Gettysburg National Military Park | GETTYSBURG CYCLORAMA AND FILM

Visitors enjoy the Gettysburg Cyclorama Sound and Light Show

Visitors enjoy the Gettysburg Cyclorama Sound and Light Show


The Gettysburg Cyclorama presentation and the film A New Birth of Freedom are shown at the Gettysburg National Military Park Visitor Center. Timed tickets are required for entry. The film is shown first, then the group proceeds to the cyclorama. Plan to spend an hour for these two attractions.

Cyclorama and Film tickets also include entry into the Gettysburg Museum. While it is possible to get a museum-only ticket for a few bucks less, I highly recommend purchasing a ticket for all three attractions if you really want to learn about the Battle of Gettysburg. Having some knowledge of the battle will go a long way in helping you understand what you are seeing once you venture out to explore the actual battlefield.

You can purchase tickets at the Gettysburg Foundation’s ticket desk inside the Visitor Center or in advance on the Foundation’s Film, Cyclorama, and Museum Experience web page (you can also get prices on this page). Because the Visitor Center is owned and operated by the Gettysburg Foundation and is not a National Park Service facility, National Park Passes of any kind are not valid for ticket purchases or discounts. There is a $1 discount for AAA members and active military personnel and veterans (you must show the proper membership ID).


Battle of Gettysburg Cyclorama at Gettysburg National Historical Park's Visitor Center

Battle of Gettysburg Cyclorama at Gettysburg National Historical Park’s Visitor Center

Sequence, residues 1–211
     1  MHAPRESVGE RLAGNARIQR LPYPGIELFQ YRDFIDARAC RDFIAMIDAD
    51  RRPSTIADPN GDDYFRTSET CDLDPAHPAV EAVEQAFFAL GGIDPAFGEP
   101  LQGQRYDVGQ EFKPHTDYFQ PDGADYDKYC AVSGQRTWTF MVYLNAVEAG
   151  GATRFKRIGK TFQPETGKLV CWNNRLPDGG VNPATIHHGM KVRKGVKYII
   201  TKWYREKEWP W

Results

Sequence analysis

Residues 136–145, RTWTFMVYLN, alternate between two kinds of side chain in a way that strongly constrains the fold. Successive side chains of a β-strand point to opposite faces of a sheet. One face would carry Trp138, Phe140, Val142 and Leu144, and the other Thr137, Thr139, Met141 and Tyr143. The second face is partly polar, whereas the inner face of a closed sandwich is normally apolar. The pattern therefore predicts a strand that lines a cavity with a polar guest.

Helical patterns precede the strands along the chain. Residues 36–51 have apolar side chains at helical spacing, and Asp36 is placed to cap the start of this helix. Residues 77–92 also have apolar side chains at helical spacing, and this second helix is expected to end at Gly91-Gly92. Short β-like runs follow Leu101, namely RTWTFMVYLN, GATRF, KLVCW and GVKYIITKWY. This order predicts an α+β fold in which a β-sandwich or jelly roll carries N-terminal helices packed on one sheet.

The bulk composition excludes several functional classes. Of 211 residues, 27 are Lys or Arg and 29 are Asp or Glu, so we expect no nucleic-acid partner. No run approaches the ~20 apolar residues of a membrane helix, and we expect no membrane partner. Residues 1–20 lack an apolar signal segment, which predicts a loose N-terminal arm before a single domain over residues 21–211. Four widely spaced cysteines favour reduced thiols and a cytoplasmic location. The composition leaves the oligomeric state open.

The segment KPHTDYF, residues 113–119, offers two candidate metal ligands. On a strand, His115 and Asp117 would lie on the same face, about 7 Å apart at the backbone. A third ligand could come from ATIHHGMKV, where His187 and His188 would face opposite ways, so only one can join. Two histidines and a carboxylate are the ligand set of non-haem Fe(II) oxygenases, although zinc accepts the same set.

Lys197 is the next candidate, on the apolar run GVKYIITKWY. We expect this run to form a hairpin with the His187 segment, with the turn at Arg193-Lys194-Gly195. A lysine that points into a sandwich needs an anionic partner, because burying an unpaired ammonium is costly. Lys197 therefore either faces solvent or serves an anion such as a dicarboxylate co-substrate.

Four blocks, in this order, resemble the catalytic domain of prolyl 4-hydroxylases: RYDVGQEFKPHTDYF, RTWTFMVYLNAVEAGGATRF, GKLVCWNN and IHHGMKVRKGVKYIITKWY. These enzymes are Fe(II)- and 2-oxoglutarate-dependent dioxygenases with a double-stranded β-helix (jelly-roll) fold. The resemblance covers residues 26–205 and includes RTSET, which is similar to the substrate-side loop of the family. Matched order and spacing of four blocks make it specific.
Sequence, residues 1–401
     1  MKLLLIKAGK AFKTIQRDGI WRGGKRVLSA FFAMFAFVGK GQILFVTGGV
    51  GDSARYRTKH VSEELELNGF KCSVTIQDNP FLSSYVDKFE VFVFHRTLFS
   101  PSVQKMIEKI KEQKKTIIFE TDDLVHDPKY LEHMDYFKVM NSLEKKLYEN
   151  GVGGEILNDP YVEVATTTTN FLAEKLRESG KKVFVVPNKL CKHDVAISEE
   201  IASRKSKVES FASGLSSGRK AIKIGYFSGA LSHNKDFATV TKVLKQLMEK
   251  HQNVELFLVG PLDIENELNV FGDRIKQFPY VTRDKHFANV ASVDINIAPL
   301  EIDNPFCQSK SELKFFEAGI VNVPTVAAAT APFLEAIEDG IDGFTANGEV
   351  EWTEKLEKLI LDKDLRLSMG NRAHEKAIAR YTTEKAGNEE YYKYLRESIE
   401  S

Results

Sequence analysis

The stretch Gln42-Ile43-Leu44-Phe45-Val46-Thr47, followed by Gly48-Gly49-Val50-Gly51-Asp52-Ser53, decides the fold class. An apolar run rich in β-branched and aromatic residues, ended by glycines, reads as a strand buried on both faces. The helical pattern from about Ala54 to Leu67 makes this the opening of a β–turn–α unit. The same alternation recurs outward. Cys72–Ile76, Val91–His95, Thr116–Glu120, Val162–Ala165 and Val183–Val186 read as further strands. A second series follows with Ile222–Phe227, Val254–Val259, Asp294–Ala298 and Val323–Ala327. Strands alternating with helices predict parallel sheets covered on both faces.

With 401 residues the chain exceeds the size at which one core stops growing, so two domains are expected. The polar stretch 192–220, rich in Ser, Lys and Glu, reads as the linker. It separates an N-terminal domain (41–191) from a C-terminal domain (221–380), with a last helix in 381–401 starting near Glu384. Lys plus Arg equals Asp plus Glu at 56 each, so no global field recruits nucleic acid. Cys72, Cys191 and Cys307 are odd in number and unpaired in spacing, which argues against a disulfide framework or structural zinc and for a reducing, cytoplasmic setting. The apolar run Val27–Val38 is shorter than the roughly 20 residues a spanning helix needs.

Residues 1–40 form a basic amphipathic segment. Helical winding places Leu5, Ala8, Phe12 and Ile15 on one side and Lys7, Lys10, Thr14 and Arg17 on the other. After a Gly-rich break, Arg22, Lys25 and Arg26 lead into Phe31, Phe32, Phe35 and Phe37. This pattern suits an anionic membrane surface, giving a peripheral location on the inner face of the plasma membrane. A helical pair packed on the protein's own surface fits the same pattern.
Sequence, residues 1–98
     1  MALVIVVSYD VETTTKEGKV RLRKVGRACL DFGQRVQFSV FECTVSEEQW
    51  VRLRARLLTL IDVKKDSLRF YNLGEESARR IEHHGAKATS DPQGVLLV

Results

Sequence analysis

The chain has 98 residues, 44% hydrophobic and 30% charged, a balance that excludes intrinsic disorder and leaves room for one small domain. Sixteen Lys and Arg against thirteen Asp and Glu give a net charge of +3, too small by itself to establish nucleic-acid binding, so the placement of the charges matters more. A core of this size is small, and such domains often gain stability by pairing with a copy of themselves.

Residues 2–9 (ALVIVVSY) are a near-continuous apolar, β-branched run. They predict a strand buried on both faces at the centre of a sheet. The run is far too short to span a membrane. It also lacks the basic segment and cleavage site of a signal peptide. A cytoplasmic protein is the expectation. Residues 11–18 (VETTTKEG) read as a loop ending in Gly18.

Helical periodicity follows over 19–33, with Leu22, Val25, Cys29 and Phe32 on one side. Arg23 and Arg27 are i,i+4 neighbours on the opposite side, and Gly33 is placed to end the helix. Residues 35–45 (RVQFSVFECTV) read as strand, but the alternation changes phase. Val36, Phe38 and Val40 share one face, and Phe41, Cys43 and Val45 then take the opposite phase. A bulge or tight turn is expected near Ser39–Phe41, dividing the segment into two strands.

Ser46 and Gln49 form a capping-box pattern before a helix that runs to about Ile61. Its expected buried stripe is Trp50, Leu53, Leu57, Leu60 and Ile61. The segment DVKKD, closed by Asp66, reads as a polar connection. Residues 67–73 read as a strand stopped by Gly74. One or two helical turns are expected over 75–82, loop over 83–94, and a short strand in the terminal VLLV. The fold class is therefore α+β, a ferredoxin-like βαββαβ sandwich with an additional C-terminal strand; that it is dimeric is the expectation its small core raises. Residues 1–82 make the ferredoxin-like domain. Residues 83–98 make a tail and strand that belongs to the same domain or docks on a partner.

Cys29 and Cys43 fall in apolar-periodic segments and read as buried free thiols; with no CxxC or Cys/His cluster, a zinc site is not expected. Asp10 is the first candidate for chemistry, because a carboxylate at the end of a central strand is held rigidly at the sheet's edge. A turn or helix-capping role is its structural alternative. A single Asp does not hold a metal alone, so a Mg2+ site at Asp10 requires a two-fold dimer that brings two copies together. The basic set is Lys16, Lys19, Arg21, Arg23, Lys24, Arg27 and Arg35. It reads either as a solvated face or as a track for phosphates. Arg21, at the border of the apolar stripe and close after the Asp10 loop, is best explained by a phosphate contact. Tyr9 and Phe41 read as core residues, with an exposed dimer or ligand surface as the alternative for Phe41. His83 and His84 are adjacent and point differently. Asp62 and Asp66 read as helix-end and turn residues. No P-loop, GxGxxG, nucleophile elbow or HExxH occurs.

Cycloramas are large-scale painted murals that form a complete circle around the viewing area and often have dioramas at their base. These were popular attractions in the late 1800s, for in the days long before radio, television, and movies, they provided a way for an audience to experience a battle, disaster, the crucifixion of Christ, or one of the wonders of the natural world such as Niagara Falls.

The Battle of Gettysburg Cyclorama, which depicts Pickett’s Charge from the viewpoint of Cemetery Ridge near the High Water Mark, was painted by Paul Philippoteaux, an artist who painted at least eight cycloramas in his lifetime. In fact, he did four versions of Pickett’s Charge, and other artists did knock-off versions. The first of Philippoteaux’s Gettysburg paintings went on display in Chicago starting in October 1883, and a second went on display in Boston in December 1884. The other two were commissioned for Philadelphia and Brooklyn. Hundreds of thousands of people paid to see these cycloramas. The version now exhibited at the Gettysburg Visitor Center is the Boston painting.

Section of the Gettysburg Cyclorama at Gettysburg National Military Park

Section of the Gettysburg Cyclorama at Gettysburg National Military Park

The popularity of cycloramas faded with time, and many of the paintings deteriorated into ruins. Such was the fate of the Boston version of the Gettysburg Cyclorama. After being replaced by a new painting, it was stored in a crate and sustained damage from weather, fire, and vandals. It was eventually purchased in 1911 by Albert Hahne, who then split it up, displaying some panels in his department store and others in various government buildings on the east coast.